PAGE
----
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ROMAN POT ( POSSIBLE NEW DESIGN) PRESENTED by G. SPIGO on behalf of ROMAN POT Mechanical Team (E. Richards and G. Spigo).
In the figure above it is shown a possible solution to avoid the interference with the so-called QRL (Cryogenic Distribution Line) of the LHC machine. In fact, in the current design, there is clear conflict between the QRL and the bottom bellow of the Roman Pot.
In this cross section view it is shown the basic idea to solve the problem. In the current design, the flange in the red circle is connected to the tube displayed in the yellow circles.
The idea is to lift the bottom bellow above the flange so as to eliminate the conflict with the QRL. In order to do so, it is proposed to make the connection between the flange and the two bellow by means of an intermediate piece, which has a cylindrical shape.
The proposed way to manufacture the assembly in order to be vacuum proof is the following:
The tube previously connected to the flange is cut.
The two pieces, always attached to the bellows are welded to a flat plate (orange circle)
3) The bellow-tube –plate assemblies are welded to a cylinder where a pipe union is extruded
Welding between plate and cylinder
Extrusion in the cylinder
To prevent and avoid any possible buckling of the bellows due to push-pull forces acting on them, it is proposed to fix two calibrated rods (red lines) in the middle plates of the assembly. To make friction forces negligible, these rods will slide inside recirculation ball bearings or once-for-all lubricated bronze bearings that are mounted in the top or in the bottom piece (yellow circles) of the assembly.
With respect to the picture shown in the previous transparency, it has been considered that two rods having a diameter of 16 mm could be fixed to one of the two plates of the “buffer” making the connections between the two bellows.
Tentatively, the rods will have a diameter of 16 mm (the be bought from any length varying from 300 to 2500 mm) and will glide in Slide Bushes inserted in the top and bottom pieces connected to the bellows. The Slide Bushes will have a length of 36 mm and an external diameter of 26 mm.
So, by doing so, any possible out-of-plane stress will be compensated and the “bucking” of the bellow prevented.
The material chosen for the buffer will be the austenitic steel alloys grades AISI 304L or 316L, since the piece is welded.
Different diameters and thicknesses can be chosen for the buffer tube to be welded to the top and bottom flanges. In our case, tentatively the diameter of the buffer tube will be between 165 and 195 mm and the wall thickness between 3 and 4 mm.
Let us calculate the wave length of the tube in order to understand if the edge effects can be important.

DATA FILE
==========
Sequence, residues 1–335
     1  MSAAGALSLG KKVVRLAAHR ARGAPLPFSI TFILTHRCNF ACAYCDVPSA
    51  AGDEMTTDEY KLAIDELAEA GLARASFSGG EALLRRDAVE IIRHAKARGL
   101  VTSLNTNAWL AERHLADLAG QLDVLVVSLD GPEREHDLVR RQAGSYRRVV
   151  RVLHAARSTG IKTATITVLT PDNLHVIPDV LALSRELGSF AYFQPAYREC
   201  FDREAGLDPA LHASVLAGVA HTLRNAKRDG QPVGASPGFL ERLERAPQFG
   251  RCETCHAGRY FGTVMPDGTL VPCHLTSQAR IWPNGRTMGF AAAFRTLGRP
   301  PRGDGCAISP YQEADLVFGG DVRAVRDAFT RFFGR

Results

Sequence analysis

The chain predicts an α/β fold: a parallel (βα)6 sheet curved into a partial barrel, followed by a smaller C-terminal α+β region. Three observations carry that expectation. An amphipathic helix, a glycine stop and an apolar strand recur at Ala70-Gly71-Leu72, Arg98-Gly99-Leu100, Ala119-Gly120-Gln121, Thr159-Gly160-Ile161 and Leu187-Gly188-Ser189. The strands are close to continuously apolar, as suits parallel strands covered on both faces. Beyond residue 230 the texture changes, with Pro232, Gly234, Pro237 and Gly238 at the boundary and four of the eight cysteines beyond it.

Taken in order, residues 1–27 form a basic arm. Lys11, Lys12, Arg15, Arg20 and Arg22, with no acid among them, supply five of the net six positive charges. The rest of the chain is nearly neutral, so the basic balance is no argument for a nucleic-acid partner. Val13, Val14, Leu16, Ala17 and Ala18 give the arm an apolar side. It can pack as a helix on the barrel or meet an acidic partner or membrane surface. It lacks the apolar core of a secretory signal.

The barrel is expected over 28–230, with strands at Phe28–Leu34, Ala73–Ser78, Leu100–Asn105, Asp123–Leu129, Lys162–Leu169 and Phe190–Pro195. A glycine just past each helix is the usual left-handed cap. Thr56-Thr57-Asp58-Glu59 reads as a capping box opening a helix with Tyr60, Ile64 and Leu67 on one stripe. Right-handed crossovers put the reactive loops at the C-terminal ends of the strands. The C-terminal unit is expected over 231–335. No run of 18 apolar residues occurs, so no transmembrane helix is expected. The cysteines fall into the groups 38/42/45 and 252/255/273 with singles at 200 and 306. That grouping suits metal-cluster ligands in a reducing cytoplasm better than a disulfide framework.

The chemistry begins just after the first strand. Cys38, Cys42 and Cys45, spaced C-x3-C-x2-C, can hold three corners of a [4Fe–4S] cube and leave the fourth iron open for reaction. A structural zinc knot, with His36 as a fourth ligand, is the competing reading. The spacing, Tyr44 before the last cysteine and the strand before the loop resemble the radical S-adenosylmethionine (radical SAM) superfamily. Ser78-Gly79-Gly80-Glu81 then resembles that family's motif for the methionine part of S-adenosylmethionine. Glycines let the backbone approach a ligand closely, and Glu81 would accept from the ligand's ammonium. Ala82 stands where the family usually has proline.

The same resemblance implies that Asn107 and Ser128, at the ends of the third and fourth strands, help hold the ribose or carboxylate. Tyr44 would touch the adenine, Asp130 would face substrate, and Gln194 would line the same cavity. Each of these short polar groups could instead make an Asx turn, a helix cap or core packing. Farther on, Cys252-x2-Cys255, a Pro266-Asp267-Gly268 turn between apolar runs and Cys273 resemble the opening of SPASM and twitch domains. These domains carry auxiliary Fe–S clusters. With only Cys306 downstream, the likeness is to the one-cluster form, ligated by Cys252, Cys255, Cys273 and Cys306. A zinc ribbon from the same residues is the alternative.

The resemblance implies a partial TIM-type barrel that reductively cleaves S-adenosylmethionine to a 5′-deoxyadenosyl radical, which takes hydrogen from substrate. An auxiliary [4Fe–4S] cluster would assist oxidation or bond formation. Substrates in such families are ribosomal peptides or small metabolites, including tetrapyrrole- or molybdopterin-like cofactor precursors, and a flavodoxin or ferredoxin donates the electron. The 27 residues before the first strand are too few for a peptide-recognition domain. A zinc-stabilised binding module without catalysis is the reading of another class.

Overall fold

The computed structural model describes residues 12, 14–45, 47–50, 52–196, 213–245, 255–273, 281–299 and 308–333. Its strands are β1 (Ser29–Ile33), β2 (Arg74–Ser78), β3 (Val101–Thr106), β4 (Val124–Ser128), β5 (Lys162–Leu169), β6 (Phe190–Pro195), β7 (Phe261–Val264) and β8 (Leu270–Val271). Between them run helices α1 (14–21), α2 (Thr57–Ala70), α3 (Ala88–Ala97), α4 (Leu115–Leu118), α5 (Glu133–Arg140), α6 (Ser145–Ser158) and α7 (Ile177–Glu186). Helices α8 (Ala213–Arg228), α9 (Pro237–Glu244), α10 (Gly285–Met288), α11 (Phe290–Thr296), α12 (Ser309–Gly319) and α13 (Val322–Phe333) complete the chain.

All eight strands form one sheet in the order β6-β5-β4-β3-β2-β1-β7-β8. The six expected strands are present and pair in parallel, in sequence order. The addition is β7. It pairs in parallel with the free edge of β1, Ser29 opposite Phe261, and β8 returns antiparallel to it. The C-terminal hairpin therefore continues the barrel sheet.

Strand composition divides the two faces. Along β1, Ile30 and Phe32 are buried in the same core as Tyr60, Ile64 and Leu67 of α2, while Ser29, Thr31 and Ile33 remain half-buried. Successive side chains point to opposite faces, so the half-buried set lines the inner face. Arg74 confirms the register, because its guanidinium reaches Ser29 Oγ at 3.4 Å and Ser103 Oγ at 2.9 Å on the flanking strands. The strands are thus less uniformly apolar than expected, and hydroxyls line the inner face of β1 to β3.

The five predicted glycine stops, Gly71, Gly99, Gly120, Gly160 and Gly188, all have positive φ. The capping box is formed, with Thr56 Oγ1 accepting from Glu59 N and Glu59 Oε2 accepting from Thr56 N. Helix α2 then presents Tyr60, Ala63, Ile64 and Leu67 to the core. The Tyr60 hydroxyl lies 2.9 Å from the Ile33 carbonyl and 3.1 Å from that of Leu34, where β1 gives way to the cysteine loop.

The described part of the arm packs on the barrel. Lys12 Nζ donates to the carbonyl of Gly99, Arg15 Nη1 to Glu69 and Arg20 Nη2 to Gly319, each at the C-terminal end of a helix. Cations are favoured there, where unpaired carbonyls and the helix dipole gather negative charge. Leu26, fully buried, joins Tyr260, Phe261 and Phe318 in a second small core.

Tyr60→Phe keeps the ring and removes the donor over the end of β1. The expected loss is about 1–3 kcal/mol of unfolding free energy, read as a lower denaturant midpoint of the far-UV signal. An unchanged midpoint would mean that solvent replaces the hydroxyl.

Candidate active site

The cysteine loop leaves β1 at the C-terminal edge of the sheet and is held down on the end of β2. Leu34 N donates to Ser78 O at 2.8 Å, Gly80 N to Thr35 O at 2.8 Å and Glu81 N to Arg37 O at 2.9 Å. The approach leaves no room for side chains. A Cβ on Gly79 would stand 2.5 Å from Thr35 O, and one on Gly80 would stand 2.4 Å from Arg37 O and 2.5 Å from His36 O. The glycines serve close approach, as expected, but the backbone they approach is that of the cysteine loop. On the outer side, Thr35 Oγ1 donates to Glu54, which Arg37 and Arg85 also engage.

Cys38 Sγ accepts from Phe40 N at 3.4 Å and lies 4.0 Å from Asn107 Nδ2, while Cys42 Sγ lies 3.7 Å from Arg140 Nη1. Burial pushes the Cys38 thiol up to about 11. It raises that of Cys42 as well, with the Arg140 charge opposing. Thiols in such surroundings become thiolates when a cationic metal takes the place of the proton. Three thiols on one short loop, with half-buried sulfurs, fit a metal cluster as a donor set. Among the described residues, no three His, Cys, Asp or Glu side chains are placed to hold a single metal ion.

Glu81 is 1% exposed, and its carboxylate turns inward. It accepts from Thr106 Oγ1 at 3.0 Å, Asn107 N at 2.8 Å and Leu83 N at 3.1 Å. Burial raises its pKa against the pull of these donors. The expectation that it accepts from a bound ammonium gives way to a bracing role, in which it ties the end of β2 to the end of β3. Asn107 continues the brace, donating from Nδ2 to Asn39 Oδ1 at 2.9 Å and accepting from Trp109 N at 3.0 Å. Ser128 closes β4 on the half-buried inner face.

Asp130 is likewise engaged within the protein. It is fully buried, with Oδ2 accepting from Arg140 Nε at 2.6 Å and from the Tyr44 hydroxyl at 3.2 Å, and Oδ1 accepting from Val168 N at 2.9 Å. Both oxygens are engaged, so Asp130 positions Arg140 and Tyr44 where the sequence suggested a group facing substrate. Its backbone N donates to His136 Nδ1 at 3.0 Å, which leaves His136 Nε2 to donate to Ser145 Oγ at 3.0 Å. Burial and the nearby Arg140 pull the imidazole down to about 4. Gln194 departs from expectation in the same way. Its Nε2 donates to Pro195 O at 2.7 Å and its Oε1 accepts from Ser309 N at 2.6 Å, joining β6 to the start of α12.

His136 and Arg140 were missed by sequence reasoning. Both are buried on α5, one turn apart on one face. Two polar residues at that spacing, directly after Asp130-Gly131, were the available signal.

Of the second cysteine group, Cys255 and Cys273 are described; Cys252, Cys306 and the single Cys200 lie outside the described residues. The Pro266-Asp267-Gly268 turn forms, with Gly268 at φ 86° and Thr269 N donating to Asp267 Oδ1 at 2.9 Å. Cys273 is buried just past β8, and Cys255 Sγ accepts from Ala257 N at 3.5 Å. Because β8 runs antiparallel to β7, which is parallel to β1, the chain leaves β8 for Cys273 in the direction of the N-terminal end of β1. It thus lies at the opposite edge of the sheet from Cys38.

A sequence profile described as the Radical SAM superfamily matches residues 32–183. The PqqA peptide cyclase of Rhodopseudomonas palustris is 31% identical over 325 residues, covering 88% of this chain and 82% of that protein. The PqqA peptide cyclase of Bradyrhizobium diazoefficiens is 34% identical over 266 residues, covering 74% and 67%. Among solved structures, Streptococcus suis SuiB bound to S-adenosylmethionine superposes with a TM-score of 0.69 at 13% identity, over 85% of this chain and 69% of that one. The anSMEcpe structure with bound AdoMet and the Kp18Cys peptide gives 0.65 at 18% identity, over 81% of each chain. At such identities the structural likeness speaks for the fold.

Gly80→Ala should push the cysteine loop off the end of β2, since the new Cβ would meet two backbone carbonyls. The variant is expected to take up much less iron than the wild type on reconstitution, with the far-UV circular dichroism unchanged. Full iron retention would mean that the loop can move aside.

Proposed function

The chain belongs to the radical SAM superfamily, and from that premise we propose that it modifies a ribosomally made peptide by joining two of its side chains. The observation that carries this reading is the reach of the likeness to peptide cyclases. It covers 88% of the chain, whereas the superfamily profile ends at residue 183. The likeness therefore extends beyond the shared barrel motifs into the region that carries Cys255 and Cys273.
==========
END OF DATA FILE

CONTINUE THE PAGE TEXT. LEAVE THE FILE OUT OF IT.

w = p*R2*[1- 1.4142*e-axsin(ax + p/4)]/(E*t)
M = - (1.4142*p*R*t/3.4)*e-axsin(ax - p/4)
Therefore, for x = 0:
M = 0.294*p*R*t (8.16 Nmm/mm) and for l/2, w = 1.043*p*R2/(E*t)
s1max = M*6/t2 = 0.294*p*R*6/t = 1.764*p*R/t = 5.41 MPa
s2max = w/(R*E) = 1.043*p*R/t = 3.2 MPa
sid= √(s1max2 + s2max2 - s1max * s2max) = 4.71 MPa < sadm= 172.7 MPa
So, the stress in the buffer tube is quite low
The maximum deformation is: w = 1.043*p*R2/(E*t) = 0.00151 mm
The top and the bottom flanges of the buffer can be modeled as annular plates fixed at their edges (t = 3 mm as starting point).
srmax = 0.75* p*R2/t2 = 70.5 MPa
sqmax= -n*srmax= - 23.5 MPa
sid= √(srmax2 + sqmax2 - srmax *sqmax) = 84.7 MPa < sadm= 172.7 MPa
So, the stress in the flanges welded to the tube is well below the admissible stress.
The maximum deformation (fixed edges) is:
w = 3*(1-n2)*p*R4/(16*E*t3) = 0.23 mm
The maximum deformation (simply supported) is:
w = 3*(5+n)*(1-n)*p*R4/(16*E*t3) = 0.95 mm
To limit the deformation, the correct value for flanges should be around 10 mm.
sid= 7.6 MPa w (fixed edges) = 0.06 mm w (simply supported) = 0.026 mm
To countercheck the values of bending moments found above and have a better idea of the validity of the assumptions as in reality the flange is neither simply supported nor with fixed edges.
So, it has been considered the following scheme:
In the figure above, it shown a reservoir submitted to an external pressure.
The mutual bending moment Mc can be calculated by equalizing the different rotations.
In order to do so, one has to compute the mutual coefficients of the tube.
These are the following:
D = 2R
wh = (2*a/b)* [(sinhal*coshal – sinal*cosal)/(sinh2al-sin2al)]
fh = (2*a2/b)* [(sinh2al +sin2al)/(sinh2al-sin2al)]
fm = (4*a3/b)* [(sinhal*coshal + sinal*cosal)/(sinh2al-sin2al)]
w’h = (2*a/b)* [(cosal*sinhal – sinal*coshal)/(sinh2al-sin2al)]
f‘h = (4*a2/b)* [(sinal*sinhal)/(sinh2al-sin2al)]
f‘m = (4*a3/b)* [(cosal*sinhal + sinal*coshal)/(sinh2al-sin2al)]
The system of equations is:
pR2/(Es) - wh* Hc - w’h* Hc + fh * Mc - f‘h * Mc = 0
fh* Hc - f‘h * Hc - fm * Mc + f‘m * Mc = - p*R3/[8*(1+n)*B] + Mc*R/[*(1+n)*B]
where: a = [3*(1-n2)]¼/√(R*s), b = E*s/R2, B = E*t3/[12*(1-n2)], s = 3 mm and t = 10 mm
By solving the equations one obtains:
Mc = 29.8 Nmm/mm and Hc= 3.0 N/mm